Skip to main content

Interleukin-6 and C-reactive protein/albumin ratio as predictors of COVID-19 severity and mortality

Abstract

Background

Coronavirus disease 2019 (COVID-19) was announced in early December 2019. The pandemic situation is declared. This study aimed to evaluate the role of biomarkers in estimating the severity and predicting the prognosis of COVID-19.

Results

A total of 116 confirmed patients were included in this study. The patients were evaluated clinically. The disease severity was assessed. The measured and calculated laboratory tests were done. The primary outcome is the 30-day mortality. Patients were assigned to the severe (14.7%) and non-severe (85.3%) groups. At IL-6 level of 32.3 pg/mL (the highest Youden’s index = 0.77), IL-6 can differentiate severe from non-severe patients with 82.4% sensitivity and 94.4% specificity. IL-6 can predict the severity [odds ratio of 87.7 (95% CI = 18.9-408.2) (P < 0.0001)]. After adjustment to the significant clinical and laboratory parameters, IL-6 had an adjusted odds ratio of 30.8 (95% CI = 1.1-728.3) (P = 0.046). A high CRP/albumin ratio of > 11.4 was associated with COVID-19 mortality [hazard ratio = 59.9 (95% CI = 7.4–488.3) (P < 0.0001)]. High CRP/albumin ratio had an adjusted hazard ratio of 26.5 (95% CI = 2.6-270.7) after adjustment of age and presence of co-morbidities (P = 0.006).

Conclusion

IL-6 level could effectively discriminate COVID-19 severity. CRP/albumin ratio was an independent risk factor for 30-day mortality rate in patients with COVID-19. IL-6 and CRP/albumin ratio seem to be valuable biomarkers in evaluating the severity and prognosis of COVID-19, respectively.

Background

Coronavirus disease 2019 (COVID-19) was announced in early December 2019. By genome sequencing, the virus was recognized [1]. From Wuhan City, the virus spread globally. The pandemic situation is declared by the World Health Organization [2]. In Egypt, the first case was detected on 14 February 2020, for a foreigner. After nearly 2 weeks, the Egyptian cases were detected [3].

COVID-19 clarified as a highly transmissible disease. The clinical features varied with disease severity. Most COVID-19 patients have non-severe manifestations and show a good prognosis. However, patients with severe disease may progress to pulmonary dysfunction, multiple organ dysfunction, and death [4]. COVID-19 related to a considerable mortality rate in older patients and cases had other morbidities [5].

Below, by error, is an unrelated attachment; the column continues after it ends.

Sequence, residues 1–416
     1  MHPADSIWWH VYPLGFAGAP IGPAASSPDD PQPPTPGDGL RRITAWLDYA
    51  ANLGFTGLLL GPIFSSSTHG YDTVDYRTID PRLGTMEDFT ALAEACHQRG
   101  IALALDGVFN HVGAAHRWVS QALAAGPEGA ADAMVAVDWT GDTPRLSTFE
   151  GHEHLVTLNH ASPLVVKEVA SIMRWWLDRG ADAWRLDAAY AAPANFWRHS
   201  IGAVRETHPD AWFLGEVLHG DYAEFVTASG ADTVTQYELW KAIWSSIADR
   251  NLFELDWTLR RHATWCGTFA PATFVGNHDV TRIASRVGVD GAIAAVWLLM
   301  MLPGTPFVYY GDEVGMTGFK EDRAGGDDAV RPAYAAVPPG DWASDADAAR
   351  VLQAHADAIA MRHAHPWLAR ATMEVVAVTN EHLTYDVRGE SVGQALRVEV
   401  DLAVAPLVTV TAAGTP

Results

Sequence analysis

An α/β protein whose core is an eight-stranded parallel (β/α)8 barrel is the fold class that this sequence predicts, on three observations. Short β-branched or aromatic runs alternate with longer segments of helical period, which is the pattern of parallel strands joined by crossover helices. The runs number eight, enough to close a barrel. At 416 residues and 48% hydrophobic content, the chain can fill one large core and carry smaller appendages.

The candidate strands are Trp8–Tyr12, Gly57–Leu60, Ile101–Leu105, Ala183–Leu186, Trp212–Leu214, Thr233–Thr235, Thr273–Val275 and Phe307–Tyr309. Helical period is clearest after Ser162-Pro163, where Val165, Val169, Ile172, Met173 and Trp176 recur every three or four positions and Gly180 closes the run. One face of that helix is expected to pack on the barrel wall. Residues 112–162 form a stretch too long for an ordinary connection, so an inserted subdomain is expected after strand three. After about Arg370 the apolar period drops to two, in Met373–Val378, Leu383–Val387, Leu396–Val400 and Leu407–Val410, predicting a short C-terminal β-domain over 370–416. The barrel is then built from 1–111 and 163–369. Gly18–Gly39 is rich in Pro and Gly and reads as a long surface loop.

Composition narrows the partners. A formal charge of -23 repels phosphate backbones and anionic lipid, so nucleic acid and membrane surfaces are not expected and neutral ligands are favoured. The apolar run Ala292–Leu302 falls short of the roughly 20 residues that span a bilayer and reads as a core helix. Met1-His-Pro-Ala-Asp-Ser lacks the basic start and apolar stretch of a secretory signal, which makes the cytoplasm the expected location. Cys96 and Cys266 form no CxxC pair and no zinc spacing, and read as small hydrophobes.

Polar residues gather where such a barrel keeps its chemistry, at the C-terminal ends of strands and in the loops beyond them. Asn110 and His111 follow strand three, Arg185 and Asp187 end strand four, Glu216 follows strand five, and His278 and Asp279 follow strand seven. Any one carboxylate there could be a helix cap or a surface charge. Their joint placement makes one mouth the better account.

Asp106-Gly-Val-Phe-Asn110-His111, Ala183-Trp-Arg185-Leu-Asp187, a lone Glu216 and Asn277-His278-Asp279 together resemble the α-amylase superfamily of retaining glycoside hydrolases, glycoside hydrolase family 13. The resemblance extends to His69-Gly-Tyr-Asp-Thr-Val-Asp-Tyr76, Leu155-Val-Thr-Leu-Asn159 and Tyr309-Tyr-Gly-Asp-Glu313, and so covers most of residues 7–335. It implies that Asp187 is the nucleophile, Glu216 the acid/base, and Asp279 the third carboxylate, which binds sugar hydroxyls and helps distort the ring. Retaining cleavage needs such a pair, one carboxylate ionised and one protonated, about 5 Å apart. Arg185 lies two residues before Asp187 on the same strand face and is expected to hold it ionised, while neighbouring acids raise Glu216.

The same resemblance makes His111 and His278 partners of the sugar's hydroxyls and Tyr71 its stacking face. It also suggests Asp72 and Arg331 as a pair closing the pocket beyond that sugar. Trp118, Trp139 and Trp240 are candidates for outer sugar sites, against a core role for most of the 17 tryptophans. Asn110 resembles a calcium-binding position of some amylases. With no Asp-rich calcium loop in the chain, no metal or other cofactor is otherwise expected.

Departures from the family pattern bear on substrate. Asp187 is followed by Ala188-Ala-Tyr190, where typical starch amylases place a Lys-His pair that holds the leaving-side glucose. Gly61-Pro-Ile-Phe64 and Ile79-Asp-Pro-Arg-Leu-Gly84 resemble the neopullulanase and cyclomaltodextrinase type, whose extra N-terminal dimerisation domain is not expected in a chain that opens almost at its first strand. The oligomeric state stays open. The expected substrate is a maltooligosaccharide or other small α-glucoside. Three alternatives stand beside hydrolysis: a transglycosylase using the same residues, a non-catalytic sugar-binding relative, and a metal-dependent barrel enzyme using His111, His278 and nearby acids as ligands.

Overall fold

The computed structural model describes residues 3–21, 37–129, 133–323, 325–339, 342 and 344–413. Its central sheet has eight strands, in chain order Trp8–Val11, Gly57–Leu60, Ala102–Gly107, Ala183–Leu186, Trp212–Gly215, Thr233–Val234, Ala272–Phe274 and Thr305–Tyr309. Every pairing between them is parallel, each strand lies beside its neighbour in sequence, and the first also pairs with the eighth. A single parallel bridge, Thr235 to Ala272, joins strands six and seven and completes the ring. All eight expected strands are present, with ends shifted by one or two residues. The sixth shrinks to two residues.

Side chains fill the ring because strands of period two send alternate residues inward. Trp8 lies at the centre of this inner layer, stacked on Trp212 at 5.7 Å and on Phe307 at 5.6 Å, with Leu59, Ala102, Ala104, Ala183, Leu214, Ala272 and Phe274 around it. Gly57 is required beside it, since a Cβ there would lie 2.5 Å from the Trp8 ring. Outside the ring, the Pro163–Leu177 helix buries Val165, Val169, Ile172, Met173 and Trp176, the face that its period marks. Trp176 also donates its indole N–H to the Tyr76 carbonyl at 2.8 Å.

In other coronaviruses, studies suggested that the inflammatory storm is a common finding [6]. Similarly, increases in the inflammatory markers like interleukin-6 (IL-6) and C-reactive protein (CRP) were described in COVID-19 [7]. Albumin levels decreased in the inflammatory conditions; reduced levels were confirmed in severe COVID-19 patients [8]. Hypoalbuminemia and high CRP/albumin ratio were previously linked to the mortality of various clinical conditions as critically ill patients [9].

To avoid the unnecessary or inappropriate utilization of the healthcare resources, early prediction of the severity of COVID-19 will be helpful. Severity prediction will also improve the prognosis by reducing the mortality rate [10]. Thus, this study aimed to evaluate the role of inflammatory markers in estimating the severity and predicting the prognosis of COVID-19. This study hypothesized that elevated values of IL-6, CRP, and CRP/albumin ratio at the time of COVID-19 diagnosis are associated with COVID-19 severity and mortality.

Methods

Study design

In June 2020, a cohort study was carried out on patients from Zagazig University Hospitals. The subjects’ participation was confirmed by signing the consent form either by the patient or the first degree relatives. The protocol of this study was affirmed by the Institutional Review Board of the Faculty of Human Medicine, Zagazig University (approval number: 6250). The patients were evaluated by full history and clinical examinations. The disease severity was assessed. At the time of diagnosis, measured and calculated laboratory tests were done. The primary outcome was 30-day mortality.

Subjects

The Epi Info program 6 (Atlanta, Ga, USA) was the utilized program for sample size estimation. The percentage of exposure and the outcome of either exposed or non-exposed groups were calculated following the study of Liu et al. [11] with 95% statistical power and 95% confidence limit. A total of 116 consecutive confirmed patients were included. The diagnosis and severity classification criteria were performed as stated by the management protocol of COVID-19 released by the Egyptian Ministry of Health and Population (2020). All included patients were diagnosed as COVID-19 positive ones based on the presence of viral nucleic acid in the nasopharyngeal swab. By disease severity, patients were sub-grouped. The patient considered as severe one if at least a single criterion of these criteria was present [increased respiration rate/minute > 30 or reduced oxygen saturation at room air < 92% or decreased partial pressure of arterial oxygen to fraction of inspired oxygen ratio < 300 mmHg or a chest lesion > 50% or a rapid advancement of chest damage within 24-48 h]. The critically ill patients were considered if their respiration rate/minute is > 30 or have reduced oxygen saturation < 92% or have decreased partial pressure of arterial oxygen to fraction of inspired oxygen ratio < 200 mmHg; despite oxygen therapy. Both severe and critically ill cases were included in the severe group. The patients were divided into two groups, including 99 patients in the non-severe group and 17 cases in the severe one (Fig. 1).